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Suit Seeks to Nullify Clothier's Liability Insurance

October 05, 2005|Molly Selvin | Times Staff Writer

A Los Angeles clothing maker noted for his progressive labor practices -- and provocative advertising -- has been sued by his insurance company, which says he created a sexually hostile work environment.

In a complaint filed this week in federal court in Los Angeles, New York-based Navigators Insurance Co. seeks to cancel an employment liability policy taken out by American Apparel Inc. and to escape any obligation to pay for pending harassment claims. The suit claims company owner Dov Charney lied about having a zero-tolerance policy against sexual harassment.

A lawyer for American Apparel declined to comment on the lawsuit, saying he had not yet reviewed the complaint.

Since starting the company in 1997, Charney has been called a progressive employer in an industry often cited for sweatshop conditions. Some in the industry laud him for providing relatively generous pay and benefits to workers who sew his T-shirts, jackets and pants.

At a time when many U.S. clothing makers are fleeing abroad, Charney claims to operate the nation's largest garment factory -- employing, according to the company's website, more than 3,000 people in downtown Los Angeles. The company operates at least 37 retail stores in the United States and 28 abroad.

In recent months, however, a different portrait of Charney has emerged. In a sexual harassment suit filed in May, a former employee charged that Charney exposed himself to her, appeared in the office clad only in underpants and, on one occasion, called her into his office to give her a vibrator.

In a second suit filed in May, another former employee alleged that Charney conducted her job interview in his underwear, fondled his genitals in front of her on other occasions and repeatedly made derogatory comments about her and women generally.

A company spokeswoman did not respond to questions about the two claims.

In the latest lawsuit, filed Monday in U.S. District Court, Navigators Insurance contends that Charney failed to disclose that yet another former employee had applied for a temporary restraining order against him because of what she claimed was his verbal and mental abuse and threats of violence.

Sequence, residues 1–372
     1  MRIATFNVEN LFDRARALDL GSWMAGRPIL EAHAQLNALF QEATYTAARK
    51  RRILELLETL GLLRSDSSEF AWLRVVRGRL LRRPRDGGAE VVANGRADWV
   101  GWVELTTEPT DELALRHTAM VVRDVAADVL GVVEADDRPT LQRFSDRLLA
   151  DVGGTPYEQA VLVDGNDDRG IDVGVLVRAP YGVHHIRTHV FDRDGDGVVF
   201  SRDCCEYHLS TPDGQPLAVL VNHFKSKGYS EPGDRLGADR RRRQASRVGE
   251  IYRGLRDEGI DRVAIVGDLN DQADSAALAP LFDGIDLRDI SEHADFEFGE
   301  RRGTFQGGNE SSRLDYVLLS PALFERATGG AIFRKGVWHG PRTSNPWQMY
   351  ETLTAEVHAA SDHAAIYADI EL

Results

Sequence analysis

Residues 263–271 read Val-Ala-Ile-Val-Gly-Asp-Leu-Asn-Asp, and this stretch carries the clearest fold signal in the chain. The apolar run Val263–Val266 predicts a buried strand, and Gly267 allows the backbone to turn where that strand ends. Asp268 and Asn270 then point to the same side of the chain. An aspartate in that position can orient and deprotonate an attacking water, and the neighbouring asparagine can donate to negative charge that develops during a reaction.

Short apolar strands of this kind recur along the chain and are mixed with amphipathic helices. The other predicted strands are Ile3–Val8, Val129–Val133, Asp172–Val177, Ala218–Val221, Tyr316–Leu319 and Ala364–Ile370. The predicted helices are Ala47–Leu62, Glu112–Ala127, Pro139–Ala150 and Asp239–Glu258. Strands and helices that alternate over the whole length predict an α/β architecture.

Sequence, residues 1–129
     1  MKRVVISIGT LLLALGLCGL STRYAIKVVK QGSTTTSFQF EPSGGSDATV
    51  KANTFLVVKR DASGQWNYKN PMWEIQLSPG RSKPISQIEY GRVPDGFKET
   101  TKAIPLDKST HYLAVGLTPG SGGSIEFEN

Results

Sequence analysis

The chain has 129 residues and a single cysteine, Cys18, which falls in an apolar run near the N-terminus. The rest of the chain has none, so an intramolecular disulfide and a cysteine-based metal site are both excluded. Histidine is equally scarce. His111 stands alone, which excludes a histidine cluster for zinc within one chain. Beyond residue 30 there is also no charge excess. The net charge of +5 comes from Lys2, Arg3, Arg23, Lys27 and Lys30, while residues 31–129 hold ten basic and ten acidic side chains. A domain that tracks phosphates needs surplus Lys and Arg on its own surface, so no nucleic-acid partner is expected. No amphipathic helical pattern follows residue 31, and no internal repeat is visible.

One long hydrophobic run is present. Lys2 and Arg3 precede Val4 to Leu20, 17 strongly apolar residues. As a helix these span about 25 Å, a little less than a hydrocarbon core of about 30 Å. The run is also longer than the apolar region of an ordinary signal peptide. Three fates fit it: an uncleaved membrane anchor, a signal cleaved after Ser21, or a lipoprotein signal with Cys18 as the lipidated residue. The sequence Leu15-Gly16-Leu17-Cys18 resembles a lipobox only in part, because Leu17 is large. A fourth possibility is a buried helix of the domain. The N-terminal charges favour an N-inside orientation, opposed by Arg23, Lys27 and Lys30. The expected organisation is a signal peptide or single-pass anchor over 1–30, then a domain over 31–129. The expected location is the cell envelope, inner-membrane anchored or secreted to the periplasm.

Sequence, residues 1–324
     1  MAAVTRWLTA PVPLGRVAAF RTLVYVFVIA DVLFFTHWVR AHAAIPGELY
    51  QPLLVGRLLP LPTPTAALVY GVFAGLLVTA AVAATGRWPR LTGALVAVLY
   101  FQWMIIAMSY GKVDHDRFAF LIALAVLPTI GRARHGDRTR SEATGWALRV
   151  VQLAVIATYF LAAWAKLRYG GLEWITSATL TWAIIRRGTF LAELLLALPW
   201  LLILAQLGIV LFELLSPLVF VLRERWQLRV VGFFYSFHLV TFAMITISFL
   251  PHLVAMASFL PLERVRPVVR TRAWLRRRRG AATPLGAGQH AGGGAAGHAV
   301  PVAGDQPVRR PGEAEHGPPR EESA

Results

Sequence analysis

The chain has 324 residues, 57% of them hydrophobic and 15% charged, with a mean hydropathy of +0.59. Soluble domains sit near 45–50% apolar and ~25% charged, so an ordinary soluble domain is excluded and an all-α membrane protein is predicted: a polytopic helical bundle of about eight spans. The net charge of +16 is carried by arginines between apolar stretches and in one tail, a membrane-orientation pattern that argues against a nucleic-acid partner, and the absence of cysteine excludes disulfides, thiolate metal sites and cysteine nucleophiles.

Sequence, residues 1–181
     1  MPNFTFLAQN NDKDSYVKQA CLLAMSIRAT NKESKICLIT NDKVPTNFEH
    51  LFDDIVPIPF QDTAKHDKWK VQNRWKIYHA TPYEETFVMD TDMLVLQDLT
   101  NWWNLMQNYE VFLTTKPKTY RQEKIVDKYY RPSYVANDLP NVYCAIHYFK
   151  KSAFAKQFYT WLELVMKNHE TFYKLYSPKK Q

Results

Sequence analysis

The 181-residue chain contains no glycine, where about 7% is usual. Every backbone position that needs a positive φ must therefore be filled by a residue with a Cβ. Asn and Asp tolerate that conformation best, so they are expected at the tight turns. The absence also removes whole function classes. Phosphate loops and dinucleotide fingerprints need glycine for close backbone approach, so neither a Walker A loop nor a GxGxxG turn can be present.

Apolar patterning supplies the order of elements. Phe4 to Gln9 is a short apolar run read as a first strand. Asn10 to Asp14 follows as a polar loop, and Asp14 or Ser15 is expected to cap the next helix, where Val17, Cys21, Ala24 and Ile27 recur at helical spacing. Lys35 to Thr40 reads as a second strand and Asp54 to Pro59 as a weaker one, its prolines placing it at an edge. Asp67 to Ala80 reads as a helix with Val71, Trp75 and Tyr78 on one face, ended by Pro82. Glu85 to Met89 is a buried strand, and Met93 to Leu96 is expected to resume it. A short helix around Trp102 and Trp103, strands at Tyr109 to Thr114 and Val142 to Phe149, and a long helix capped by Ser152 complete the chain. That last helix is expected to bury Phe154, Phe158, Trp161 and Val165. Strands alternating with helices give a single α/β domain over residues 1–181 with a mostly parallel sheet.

The insurer's suit also says Charney falsely declared that "the company's policy is zero tolerance for sexual harassment." The complaint also notes that the female author of a June 2004 profile in Jane Magazine wrote that Charney repeatedly masturbated in her presence.

Based on what Navigators termed "the material misrepresentations" in American Apparel's application, the insurer issued the company a $2-million employment liability policy for the year that ended Aug. 30, 2005. The company is seeking a court order that it will not be liable for payouts in harassment cases pending against American Apparel. In exchange, Navigators would refund the $29,700 premium paid by the clothier.

Charney's company is no stranger to controversy -- cultivating an edgy image with advertising that features models in sexually suggestive poses. But his reputation as an enlightened employer will not easily be damaged, said one industry observer.

"Dov has done a lot for his employees," said Ilse Metchek, executive director of the California Fashion Assn., a trade group representing garment industry employers. And "we are a community of eccentric individuals."

But Julie Su, litigation director for the Los Angeles-based Asian Pacific American Legal Center, which represents garment workers, was more critical.

"I think that these allegations completely undermine his status in the workers' rights community," she said.

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